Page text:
I\’m Too Sexy for My Master\’s Thesis

thesis schedule (starting yesterday)

Posted in progress,thesis by Rae on 8 May 2006

I drew up my tentative thesis outline and schedule last night. After creating my outline, I determined how many weeks I have before my thesis defense (13 weeks), then I subtracted three weeks from that date to determine my thesis "due date." Next, I determined how much time I could use on each chapter by working backwards from the due date to the present, and I figured out how many pages I needed to complete each week.

Here's the schedule as it currently stands:

WEEK 1 (May 7-13): Zionism (10 pages)

WEEK 2 (14-20): Zionism (10)

WEEK 3 (21-27): Zion Mule Corps (15)

WEEK 4 (28-3): Political Steps (5) – I'll be in Austin for my brother’s wedding from the 25th-29th, but I'll certainly have some work with me.

WEEK 5 (June 4-10): Political (5) – My sister is moving to Miami this weekend and I've agreed to help her, so that'll take me away from writing for a few days.

WEEK 6 (11-17):Social Steps (10)

WEEK 7 (18-24): Recruitment (15)

WEEK 8 (25-1): Recruitment (10) – My 5th wedding anniversary is this weekend, so my husband and I will be taking time to celebrate.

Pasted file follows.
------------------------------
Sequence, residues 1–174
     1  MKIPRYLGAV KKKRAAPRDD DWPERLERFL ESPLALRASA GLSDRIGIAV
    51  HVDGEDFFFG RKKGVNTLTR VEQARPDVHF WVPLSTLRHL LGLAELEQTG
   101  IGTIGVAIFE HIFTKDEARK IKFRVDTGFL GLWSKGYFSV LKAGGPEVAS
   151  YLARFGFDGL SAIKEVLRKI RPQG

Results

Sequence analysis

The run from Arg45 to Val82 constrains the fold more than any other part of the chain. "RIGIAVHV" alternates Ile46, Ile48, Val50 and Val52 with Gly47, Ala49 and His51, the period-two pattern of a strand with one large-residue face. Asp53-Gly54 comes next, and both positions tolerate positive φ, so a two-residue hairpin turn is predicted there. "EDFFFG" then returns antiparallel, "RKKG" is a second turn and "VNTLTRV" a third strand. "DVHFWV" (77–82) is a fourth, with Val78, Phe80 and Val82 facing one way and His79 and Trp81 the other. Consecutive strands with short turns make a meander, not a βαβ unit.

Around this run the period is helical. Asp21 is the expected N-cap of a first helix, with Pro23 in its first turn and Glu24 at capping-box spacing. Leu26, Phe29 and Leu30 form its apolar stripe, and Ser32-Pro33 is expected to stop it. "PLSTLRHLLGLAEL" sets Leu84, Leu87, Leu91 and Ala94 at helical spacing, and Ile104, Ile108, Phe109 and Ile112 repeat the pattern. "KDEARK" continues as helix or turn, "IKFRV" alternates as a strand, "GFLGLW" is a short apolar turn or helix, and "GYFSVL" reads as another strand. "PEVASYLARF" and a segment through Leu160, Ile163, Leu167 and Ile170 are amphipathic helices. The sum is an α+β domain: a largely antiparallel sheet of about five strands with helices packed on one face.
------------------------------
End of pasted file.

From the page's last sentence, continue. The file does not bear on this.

WEEK 9 (July 2): Write conclusion (10) and intro (5).

WEEK 10 (9): Wrap up loose ends and FINISH THESIS (by end of week).

WEEK 11 (16): If worse comes to worst, I can finish my thesis this week. My husband won a free trip to Montana, so we'll be gone from the 14th-17th.

WEEK 12 (23): Sit on my tuffet.


This probably sounds like a huge amount of work for such a short time, but there are a few factors that make all of this less stressful (but certainly not stress-free): I've been researching this topic for over a year, I've written numerous papers on these subtopics, and I've done more work than this in less time in the past (while also working full-time). I'm currently planning on a total of 95 pages, and I estimated that I've already written between 30-40 pages.

There are two books that came in handy while creating my writing schedule:

Writing the Doctoral Dissertation: A Systematic Approach (2nd Edition) by Gordon B. Davis and Clyde A. Parker – Instead of reading the whole book (I can easily spend all of my time reading), I just focused on two chapters: The Dissertation Time Schedule and Budget (Chapter 9) and Management of Dissertation Activities (Chapter 11). Obviously I'm not working on a dissertation, but because Master's students are often overlooked when it comes to these kinds of books, I'll take what I can find. And anyway, a lot of the advice is generic and adaptable to my (and just about anyone's) particular situation.

Dissertations and Theses from Start to Finish: Psychology and Related Fields by John D. Cone and Sharon L. Foster. This is another book that's not a perfect fit because the information is geared towards psych and social science people and not history people. But still, there's useful stuff here, especially the following chapters: Starting Out: Assessing Your Preparation for the Task Ahead (Chapter 2) and Time and Trouble Management (Chapter 4). This book presents the reader with lots of self-directed questions; questions one may not think about until it's too late.

I'll post my outline tomorrow.


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